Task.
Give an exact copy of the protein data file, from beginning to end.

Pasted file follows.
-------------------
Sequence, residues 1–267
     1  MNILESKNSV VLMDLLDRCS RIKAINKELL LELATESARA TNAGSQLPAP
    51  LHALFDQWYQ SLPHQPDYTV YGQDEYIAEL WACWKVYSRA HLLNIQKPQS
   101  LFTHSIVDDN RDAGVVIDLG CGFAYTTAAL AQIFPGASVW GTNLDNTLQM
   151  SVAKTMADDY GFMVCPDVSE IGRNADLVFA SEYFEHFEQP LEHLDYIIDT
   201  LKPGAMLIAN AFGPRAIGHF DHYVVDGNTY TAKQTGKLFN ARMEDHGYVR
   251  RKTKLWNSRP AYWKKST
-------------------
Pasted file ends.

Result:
Sequence, residues 1–267
     1  MNILESKNSV VLMDLLDRCS RIKAINKELL LELATESARA TNAGSQLPAP
    51  LHALFDQWYQ SLPHQPDYTV YGQDEYIAEL WACWKVYSRA HLLNIQKPQS
   101  LFTHSIVDDN RDAGVVIDLG CGFAYTTAAL AQIFPGASVW GTNLDNTLQM
   151  SVAKTMADDY GFMVCPDVSE IGRNADLVFA SEYFEHFEQP LEHLDYIIDT
   201  LKPGAMLIAN AFGPRAIGHF DHYVVDGNTY TAKQTGKLFN ARMEDHGYVR
   251  RKTKLWNSRP AYWKKST